Depending on the facts and circumstances of a particular case, e.g., where a timely disclosure is made, and there is no indication of a relationship beyond the provision of privacy or proxy registration services, a panel may find it appropriate to apply its discretion to record only the underlying registrant as the named respondent. On the other hand, e.g., where there is no clear disclosure, or there is some indication that the privacy or proxy provider is somehow related to the underlying registrant or use of the particular domain name, a panel may find it appropriate to record both the privacy or proxy service and any nominally underlying registrant as the named respondent.”
In the present case the Panel considers the substantive Respondent to be Christian Ronaldo (which may itself be a pseudonym given the well-known footballer with a very similar name) and references to the Respondent are to that person.
To succeed, in accordance with paragraph 4(a) of the Policy, the Complainant must satisfy the Panel that:
(i) the Disputed Domain Name is identical with or confusingly similar to a trademark or service mark in which the Complainant has rights;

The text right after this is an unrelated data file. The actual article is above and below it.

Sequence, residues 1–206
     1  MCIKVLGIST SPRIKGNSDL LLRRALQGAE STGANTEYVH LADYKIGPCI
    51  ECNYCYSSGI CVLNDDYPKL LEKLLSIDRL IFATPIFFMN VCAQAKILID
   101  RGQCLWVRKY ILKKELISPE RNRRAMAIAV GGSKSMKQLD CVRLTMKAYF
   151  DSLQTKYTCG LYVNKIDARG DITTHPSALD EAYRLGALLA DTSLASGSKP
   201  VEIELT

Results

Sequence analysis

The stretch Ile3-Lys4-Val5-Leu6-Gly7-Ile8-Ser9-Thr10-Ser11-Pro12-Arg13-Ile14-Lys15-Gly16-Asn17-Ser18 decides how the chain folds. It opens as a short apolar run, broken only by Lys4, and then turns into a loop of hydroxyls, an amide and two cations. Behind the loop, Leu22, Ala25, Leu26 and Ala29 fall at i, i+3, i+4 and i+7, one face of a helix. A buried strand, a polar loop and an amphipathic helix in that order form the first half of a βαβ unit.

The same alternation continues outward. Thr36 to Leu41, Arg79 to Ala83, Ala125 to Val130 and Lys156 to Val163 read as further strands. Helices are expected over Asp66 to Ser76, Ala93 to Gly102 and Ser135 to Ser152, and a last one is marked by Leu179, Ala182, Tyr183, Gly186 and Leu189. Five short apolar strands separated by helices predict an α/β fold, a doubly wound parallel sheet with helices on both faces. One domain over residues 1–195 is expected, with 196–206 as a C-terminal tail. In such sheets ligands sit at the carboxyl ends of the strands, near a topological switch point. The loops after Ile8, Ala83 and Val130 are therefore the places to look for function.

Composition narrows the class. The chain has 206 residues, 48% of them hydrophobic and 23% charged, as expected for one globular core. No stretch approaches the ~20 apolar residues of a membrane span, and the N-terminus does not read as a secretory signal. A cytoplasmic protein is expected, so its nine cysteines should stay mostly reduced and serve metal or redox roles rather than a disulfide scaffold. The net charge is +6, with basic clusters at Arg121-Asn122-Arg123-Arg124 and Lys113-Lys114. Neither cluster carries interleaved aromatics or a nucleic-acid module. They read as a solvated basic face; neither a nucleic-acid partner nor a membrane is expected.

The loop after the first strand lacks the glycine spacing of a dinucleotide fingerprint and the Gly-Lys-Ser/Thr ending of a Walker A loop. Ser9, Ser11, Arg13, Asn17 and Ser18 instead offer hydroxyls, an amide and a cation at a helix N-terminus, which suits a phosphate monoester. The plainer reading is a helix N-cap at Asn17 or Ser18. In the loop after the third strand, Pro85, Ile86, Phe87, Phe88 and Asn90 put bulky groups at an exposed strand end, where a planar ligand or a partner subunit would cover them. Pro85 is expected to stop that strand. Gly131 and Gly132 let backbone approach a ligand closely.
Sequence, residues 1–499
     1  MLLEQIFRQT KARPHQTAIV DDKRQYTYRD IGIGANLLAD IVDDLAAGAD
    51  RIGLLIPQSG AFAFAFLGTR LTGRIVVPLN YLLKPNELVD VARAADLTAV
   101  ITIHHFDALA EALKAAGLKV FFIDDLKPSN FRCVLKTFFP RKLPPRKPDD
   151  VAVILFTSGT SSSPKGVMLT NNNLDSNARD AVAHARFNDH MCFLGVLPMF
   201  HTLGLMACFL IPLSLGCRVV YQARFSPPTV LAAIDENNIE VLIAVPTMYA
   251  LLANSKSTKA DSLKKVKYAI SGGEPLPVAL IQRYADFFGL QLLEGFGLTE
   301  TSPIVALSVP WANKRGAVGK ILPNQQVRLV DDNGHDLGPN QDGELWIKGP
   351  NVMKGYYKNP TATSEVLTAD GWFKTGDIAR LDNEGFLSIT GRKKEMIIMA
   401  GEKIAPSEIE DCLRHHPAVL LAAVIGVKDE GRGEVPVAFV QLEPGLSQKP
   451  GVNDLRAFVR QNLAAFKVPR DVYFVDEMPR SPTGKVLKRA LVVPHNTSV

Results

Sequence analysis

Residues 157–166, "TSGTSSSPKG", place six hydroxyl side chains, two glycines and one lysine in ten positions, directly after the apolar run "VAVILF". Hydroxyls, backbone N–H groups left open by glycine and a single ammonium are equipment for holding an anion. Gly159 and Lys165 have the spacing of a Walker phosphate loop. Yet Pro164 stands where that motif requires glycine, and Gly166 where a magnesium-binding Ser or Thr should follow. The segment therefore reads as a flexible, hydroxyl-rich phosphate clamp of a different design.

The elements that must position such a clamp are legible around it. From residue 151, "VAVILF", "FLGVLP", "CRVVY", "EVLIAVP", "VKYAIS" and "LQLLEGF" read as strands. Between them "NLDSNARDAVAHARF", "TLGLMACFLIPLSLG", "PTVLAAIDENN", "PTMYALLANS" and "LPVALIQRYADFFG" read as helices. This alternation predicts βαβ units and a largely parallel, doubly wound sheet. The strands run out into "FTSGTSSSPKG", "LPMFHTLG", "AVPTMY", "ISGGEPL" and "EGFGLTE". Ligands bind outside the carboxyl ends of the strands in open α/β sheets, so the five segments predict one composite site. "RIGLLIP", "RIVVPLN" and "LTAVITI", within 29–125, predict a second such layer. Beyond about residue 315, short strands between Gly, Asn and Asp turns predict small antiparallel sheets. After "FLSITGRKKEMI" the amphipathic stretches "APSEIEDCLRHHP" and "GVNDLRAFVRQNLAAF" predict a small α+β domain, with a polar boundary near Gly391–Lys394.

(ii) the Respondent has no rights or legitimate interests in respect of the Disputed Domain Name;
(iii) the Disputed Domain Name has been registered and is being used in bad faith.
The Panel considers the Disputed Domain Name to be confusingly similar to the Complainant’s trademark THE RENWICK. It is established that the addition of a descriptive or geographic term (such as here “hotel” and “New York”) to a disputed domain name has little, if any, effect on a determination of confusing similarity between the domain name and the mark (Quixtar Investments, Inc. v. Dennis Hoffman, WIPO Case No. D2000-0253); furthermore, mere addition of a generic or descriptive term does not prevent a finding of confusing similarity under the first element (PRL USA Holdings, Inc. v. Spiral Matrix, WIPO Case No. D2006-0189).
It is also well established that the generic Top-Level Domain (“gTLD”), in this case “.com”, does not affect the Disputed Domain Name for the purpose of determining whether it is identical or confusingly similar. See, for example, Rollerblade, Inc. v. Chris McCrady, WIPO Case No. D2000-0429.
Accordingly the Panel finds that the Disputed Domain Name is confusingly similar to the Complainant’s trademark and hence the first condition of paragraph 4(a) of the Policy has been fulfilled.
The Panel finds THE RENWICK trademark is, on the evidence before the Panel, a term in which the Complainant has developed a substantial reputation in relation to its well-known hotel in New York.